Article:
Sadness is a more general and transient emotional state.
Scripture and Greek
James wrote urging Jewish Christians to take seriously their spiritual shortcomings and sins, to feel genuine sorrow and repentance.
James 4:9-10 “Be wretched and mourn and weep. Let your laughter be turned to mourning and your joy to gloom.”
This next line is important:
“10 Humble yourselves before the Lord and he will exalt you.”
The Greek translation of the word mourn used here is pentheo.
Paul uses this word, pentheo, a few times in his letter to the church in Corinth.
In 1 Corinthians 5:1-2 he calls out the Corinthian church for being prideful instead of mourning (pentheo) over a case of immorality in their community.
In 2 Corinthians 12:21 he expresses his concern that he might have to mourn (pentheo) over the sins of some members of the Corinthian church who have not repented.
“For I fear that perhaps I may come and find you not what I wish, and that you may find me not what you wish; that perhaps there may be quarreling, jealousy, anger, selfishness, slander, gossip, conceit, and disorder. 21 I fear that when I come again my God may humble me before you, and I may have to mourn over many of those who sinned before and have not repented of the impurity, immorality, and licentiousness which they have practiced.”
These instances reflect the use of mourning in a spiritual and communal context.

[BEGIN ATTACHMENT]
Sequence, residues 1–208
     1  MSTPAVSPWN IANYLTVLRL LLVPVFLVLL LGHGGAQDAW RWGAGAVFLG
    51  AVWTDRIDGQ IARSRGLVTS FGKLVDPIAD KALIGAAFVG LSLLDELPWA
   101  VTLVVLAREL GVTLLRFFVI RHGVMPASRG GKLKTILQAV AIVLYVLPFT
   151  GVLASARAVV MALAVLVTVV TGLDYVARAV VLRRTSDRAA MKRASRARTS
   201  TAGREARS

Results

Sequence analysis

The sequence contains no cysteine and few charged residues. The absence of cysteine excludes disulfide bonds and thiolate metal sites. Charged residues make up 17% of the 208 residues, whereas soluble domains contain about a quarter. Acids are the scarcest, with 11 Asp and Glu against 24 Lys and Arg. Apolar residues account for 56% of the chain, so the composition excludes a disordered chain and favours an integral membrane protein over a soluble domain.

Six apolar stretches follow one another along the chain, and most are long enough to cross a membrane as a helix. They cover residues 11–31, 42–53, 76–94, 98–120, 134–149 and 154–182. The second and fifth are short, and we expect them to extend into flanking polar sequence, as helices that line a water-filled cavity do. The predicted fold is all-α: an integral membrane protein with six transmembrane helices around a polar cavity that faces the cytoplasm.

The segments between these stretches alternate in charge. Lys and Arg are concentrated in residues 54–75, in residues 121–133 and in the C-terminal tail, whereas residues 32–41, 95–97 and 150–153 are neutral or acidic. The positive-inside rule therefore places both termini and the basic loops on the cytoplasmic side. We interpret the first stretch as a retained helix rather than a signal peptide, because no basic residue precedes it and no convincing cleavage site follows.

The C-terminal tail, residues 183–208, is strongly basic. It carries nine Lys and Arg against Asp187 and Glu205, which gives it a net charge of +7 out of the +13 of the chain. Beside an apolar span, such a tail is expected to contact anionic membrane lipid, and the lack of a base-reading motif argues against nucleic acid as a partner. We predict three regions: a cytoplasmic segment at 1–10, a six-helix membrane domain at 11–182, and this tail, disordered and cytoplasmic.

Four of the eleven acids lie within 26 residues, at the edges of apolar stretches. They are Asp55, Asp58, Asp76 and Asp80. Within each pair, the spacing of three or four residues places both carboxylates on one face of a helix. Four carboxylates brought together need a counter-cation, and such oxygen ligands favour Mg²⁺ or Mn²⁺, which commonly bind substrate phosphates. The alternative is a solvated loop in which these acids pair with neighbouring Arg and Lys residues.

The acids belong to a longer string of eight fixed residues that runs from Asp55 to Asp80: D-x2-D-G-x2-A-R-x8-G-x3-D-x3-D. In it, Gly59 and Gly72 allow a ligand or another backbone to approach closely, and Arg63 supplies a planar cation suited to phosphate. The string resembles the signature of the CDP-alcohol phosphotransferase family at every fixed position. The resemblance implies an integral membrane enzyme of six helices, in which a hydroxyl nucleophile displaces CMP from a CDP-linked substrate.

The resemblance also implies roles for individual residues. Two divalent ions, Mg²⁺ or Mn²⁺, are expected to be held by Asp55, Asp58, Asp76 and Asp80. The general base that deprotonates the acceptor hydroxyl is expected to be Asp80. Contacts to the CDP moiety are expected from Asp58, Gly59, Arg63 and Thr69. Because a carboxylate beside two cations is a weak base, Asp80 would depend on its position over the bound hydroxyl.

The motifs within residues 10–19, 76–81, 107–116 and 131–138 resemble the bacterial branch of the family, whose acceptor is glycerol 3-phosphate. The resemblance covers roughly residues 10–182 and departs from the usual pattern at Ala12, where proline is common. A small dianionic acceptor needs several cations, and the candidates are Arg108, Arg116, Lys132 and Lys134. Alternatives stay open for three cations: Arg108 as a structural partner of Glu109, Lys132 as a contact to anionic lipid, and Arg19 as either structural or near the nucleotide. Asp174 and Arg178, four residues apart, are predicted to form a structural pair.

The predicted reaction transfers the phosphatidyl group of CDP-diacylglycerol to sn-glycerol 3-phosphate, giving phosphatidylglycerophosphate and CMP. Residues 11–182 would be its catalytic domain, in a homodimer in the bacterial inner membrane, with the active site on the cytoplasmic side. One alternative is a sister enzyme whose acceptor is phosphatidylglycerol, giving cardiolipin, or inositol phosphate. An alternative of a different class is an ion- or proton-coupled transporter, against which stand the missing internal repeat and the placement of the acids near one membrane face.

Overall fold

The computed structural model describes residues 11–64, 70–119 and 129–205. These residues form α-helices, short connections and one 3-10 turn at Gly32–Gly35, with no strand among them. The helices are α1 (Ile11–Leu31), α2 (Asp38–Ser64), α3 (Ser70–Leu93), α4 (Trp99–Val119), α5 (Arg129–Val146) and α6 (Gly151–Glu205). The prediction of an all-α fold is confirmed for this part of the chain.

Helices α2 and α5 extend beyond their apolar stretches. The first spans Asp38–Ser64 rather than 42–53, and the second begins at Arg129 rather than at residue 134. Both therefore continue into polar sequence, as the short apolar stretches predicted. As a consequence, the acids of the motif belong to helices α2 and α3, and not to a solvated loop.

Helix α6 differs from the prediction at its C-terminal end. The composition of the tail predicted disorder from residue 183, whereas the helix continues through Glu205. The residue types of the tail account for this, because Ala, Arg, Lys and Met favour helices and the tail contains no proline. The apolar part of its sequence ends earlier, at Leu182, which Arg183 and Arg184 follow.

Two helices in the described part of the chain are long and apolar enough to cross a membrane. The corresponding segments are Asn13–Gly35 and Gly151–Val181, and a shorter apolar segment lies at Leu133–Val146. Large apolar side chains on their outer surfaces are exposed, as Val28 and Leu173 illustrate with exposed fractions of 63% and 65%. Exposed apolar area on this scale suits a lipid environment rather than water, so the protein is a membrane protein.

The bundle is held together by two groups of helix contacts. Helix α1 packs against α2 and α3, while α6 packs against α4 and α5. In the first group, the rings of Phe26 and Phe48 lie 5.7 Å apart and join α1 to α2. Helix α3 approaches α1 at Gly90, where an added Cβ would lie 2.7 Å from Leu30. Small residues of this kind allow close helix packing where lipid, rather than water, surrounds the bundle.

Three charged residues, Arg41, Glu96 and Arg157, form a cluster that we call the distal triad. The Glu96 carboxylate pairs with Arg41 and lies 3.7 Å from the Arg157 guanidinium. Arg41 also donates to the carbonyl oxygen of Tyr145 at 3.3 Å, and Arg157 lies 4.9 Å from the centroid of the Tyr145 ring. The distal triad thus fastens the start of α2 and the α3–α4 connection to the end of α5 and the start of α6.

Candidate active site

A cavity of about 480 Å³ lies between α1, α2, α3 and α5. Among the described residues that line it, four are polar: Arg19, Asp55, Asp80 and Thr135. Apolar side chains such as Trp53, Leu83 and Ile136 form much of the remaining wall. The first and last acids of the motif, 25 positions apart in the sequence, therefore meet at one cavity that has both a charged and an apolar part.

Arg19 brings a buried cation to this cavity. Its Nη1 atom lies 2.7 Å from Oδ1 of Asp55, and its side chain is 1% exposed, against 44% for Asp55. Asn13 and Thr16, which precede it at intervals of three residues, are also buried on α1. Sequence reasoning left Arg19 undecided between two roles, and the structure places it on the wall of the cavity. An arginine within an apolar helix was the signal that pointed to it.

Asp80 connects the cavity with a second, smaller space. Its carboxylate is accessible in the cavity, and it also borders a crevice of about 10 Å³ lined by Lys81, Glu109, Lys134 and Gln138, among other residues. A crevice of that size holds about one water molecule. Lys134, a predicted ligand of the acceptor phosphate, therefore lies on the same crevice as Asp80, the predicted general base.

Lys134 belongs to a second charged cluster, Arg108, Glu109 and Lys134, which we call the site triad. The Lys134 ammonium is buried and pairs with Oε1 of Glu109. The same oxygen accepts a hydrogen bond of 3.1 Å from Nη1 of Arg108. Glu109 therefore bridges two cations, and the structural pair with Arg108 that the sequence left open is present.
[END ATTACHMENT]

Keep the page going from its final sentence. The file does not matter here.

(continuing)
What is Mourning over sin?
Mourning over sin refers to a deep sense of sorrow, regret, or grief that one experiences as a result of their own sins or the sins of others. Mourning in this sense is more than just feeling guilty; it involves a profound realization of the spiritual and moral implications of one’s actions.
Key aspects of mourning over sin include:
- Recognition of Sin: This involves acknowledging that one’s actions or thoughts are sinful, which goes against God’s law or moral standards. It’s an admission of wrongdoing, not just by societal standards, but from a spiritual perspective.
- Emotional Response: Mourning over sin is marked by an emotional response – a deep sorrow for having offended God or hurt others through one’s actions. It’s a heartfelt response rather than just an intellectual acknowledgment of wrongdoing.
- Desire for Reconciliation: Those who mourn their sins often seek reconciliation with God and those they have wronged. This includes a desire for forgiveness and a willingness to make amends.
- Repentance: A crucial part of mourning over sin is repentance, which involves turning away from sinful behaviors and making a conscious effort to change one’s life in alignment with moral and spiritual principles.
- Spiritual Growth: Mourning over sin can lead to spiritual growth. It’s seen as a step towards a deeper understanding of one’s own frailties and a stronger relationship with the divine. This process often involves prayer, reflection, and sometimes the guidance of a spiritual mentor or community.
In Christianity, mourning over sin is considered an important step towards redemption and salvation. It is seen not just as an emotional experience, but as a transformative one, leading to a renewed commitment to live according to religious teachings and principles.
There’s another important place where the word pentheo is found in the New Testament:
“Blessed are those who mourn,
for they will be comforted.”
I once thought this was only for those who lost a loved one, as it was often used in that context to acknowledge bereavement.
Now I realize there is also spiritual mourning.